Verification of Unusual Sight Record
For Utah

Rec. # 2022-42

Common name:

Tennessee Warbler

Scientific name: ?  [Oreothlypsis pereigrina]
Date: 9-22-2022
Time: 1230pm
Length of time observed: 30minutes
Number: 1
Age: ?
Sex: ?
Location: along the Weber River on UDWR Property near Peterson, Utah
County: Morgan
Latilong: ?
Elevation: approx. 5000ft
Distance to bird: 10 to 50 ft.
Optical equipment: Nikon 10x42, Nikon D7200 camera with 150x600mm lens also camera and binos used by Arnold and Aaron Smith
Weather: clear and sunny
Light Conditions: poor in the under story of trees but great when bird would move into clearings
Description:        Size of bird: small warbler maybe 5 inches
(Description:)       Basic Shape: warbler
(Description:)  Overall Pattern: yellow/gray above with yellow/white below with very white under tail feathers
(Description:)            Bill Type: very small thin typical warbler
Field Marks and
Identifying Characteristics:
Description of Field Marks nearly identical to an Orange-crowned Warbler though all around lighter than OCWA I'm used to seeing and with a very obvious white under tail.
(see photos)
Song or call & method of delivery: never made a noise
Behavior: flitting around in the leaves and branches of a large willow tree feeding on insects it was finding
Habitat: riparian area with corn field on one side river on other
Similar species and how
were they eliminated:
Orange-crowned Warbler is more olive green over all with yellow not white under tail feathers one was seen in tree with this bird showing a great comparison. Warbling Vireo is larger and much larger, different shaped bill.
Previous experience with
this & similar species:
only seen once before in Arizona with a birding group and the white under tail was the big point the experts were noting to group.
References consulted: in the field we used sibley bird app, ibird pro app, and photos on the internet, at home I compared my photos to my library of bird books including Sibley's, Peterson, National geographic, stokes, etc.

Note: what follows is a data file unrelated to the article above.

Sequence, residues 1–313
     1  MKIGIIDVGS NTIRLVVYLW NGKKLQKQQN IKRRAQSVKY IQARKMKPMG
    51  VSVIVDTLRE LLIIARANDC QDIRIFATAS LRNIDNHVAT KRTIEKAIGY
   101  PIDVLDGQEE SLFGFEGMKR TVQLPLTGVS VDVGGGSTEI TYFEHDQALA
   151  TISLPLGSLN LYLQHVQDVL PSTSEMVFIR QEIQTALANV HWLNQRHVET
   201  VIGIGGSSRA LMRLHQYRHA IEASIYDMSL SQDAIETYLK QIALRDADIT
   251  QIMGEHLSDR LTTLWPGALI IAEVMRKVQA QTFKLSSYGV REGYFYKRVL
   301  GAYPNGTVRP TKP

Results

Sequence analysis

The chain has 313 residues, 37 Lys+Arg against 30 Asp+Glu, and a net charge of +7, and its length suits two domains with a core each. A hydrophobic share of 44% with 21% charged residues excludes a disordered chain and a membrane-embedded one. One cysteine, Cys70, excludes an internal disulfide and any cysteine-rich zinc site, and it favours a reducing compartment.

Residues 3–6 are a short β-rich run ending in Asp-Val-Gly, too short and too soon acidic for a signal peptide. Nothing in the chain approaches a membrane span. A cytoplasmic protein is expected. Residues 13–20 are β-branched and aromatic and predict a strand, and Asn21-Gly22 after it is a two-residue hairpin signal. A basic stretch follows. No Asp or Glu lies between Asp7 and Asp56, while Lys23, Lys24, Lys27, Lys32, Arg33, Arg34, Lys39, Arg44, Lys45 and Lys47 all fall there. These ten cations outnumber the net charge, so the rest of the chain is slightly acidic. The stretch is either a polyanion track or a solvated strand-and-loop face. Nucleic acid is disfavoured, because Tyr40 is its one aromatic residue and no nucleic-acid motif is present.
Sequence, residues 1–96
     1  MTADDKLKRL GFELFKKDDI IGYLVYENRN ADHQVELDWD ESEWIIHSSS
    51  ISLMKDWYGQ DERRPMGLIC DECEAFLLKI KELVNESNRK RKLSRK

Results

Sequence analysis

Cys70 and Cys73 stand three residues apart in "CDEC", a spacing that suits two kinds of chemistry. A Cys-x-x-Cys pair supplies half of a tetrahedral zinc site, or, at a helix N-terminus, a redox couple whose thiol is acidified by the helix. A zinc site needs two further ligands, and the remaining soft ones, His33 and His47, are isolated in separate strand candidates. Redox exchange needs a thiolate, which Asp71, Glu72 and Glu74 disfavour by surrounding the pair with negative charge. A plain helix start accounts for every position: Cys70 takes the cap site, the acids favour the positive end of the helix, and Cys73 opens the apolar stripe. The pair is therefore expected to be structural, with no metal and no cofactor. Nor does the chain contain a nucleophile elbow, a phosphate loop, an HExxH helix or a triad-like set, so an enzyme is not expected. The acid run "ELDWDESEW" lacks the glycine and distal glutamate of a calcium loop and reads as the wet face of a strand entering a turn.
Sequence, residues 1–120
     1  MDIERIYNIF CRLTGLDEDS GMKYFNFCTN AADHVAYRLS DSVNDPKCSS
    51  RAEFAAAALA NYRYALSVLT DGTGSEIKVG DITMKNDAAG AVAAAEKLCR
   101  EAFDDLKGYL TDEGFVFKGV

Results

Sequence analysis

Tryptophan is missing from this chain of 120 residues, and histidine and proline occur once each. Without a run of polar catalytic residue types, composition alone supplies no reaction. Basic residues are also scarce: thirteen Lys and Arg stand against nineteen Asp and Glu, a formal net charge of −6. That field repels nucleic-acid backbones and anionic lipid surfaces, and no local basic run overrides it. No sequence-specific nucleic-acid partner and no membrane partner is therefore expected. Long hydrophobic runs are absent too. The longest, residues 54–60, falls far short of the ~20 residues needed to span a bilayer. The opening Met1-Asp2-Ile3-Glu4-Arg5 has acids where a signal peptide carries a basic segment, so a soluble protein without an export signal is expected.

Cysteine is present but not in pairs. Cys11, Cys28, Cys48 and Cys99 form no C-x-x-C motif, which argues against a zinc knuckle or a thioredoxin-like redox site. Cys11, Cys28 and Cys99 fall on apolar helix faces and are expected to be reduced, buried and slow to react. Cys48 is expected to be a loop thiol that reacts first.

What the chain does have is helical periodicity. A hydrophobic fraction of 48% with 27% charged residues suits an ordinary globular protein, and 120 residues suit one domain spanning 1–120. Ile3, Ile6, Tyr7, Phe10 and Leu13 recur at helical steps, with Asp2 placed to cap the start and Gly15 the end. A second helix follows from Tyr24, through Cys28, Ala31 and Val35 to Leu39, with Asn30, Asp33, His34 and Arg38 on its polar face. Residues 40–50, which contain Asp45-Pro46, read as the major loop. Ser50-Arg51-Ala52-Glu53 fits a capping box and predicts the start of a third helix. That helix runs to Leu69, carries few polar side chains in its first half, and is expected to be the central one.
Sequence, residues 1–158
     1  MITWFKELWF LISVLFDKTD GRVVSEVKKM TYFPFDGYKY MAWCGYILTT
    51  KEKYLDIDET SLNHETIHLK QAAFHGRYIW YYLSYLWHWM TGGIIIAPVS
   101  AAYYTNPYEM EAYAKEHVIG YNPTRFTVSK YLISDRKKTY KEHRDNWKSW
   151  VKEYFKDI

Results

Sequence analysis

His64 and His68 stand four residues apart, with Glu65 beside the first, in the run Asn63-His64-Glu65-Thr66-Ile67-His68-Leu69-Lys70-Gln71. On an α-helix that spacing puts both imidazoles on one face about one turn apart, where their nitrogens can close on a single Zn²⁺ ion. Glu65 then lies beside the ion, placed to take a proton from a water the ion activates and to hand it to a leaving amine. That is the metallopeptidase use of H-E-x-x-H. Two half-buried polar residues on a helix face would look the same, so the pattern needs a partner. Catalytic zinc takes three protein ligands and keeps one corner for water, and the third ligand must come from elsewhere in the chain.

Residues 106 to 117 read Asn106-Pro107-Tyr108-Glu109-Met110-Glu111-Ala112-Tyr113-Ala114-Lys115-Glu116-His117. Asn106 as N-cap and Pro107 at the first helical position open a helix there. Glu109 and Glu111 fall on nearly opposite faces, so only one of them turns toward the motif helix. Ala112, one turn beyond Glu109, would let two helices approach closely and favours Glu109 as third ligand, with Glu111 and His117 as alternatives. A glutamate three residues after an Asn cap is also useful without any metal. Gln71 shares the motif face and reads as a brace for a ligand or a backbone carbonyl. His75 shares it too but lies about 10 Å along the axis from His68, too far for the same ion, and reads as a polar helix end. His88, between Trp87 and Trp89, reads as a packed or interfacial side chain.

Description from: (Notes taken at time of sighting - Notes made later - From memory - )
Aaron spotted light colored warbler feeding in top of a large willow. Bird initially thought to be a Orange-crowned Warbler but looked a bit light. For several years I've been watching the OCWA in fall for a Tennessee Warbler since the two species look so similar. Aaron quickly noted the pure white under tail feathers on this bird. There was an OCWA in the same tree which gave great comparison of the difference in the under tail of the birds. The three of us spent at least 30 minutes watching bird trying to get decent pictures and making sure of our identification that this was TNWA. Light was very poor in the under story of the trees and do to the leaves changing everything was very yellow, however the bird was seen in good sunlight several times to confirm the id of TNWA. Was only able to get decent pictures of the underside and head of this bird, though did see the upper side which basically reminded me of an OCWA except for the white under tail.
Observer: Weston Smith
Observer's address: 1375N 6800E Croydon, Utah
Observer's e-mail address: **
Other observers who independently identified this bird: Aaron Smith, Arnold Smith
Date prepared: 9-24-2022
Additional material: Photos
Additional comments: hoping my father and brother will send me their comments and pictures so I can add them.

Here is Aaron's info on the warbler you can add to the additional info.
Warbler was same basically same size as orange crowned warblers(several seen in the area). White under tail. Have seen several orange crowned warblers over the years. This was not an orange crowned warbler. Looked at pictures online with my phone to compare while watching the bird. Was a match to several pictures I found of reported Tennessee warblers from back in Eastern States. Watched for several minutes. Brother got pictures which shows white under tail. Aaron

Here is Arnold's email to Weston with a photo:

This is the best picture I got, it needs to be lightened. The following are my thoughts when we first saw the bird:

My first impression of this Warbler we sighted on September 22, 2022 was that it was a Warbling Vireo. However, I soon noticed it had pale yellow on the throat and breast down to where the front edge of the wings tuck in. I also noticed it had snow white under tail coverts. These two facts along with the face pattern made me quickly realize this must be a Tennessee Warbler.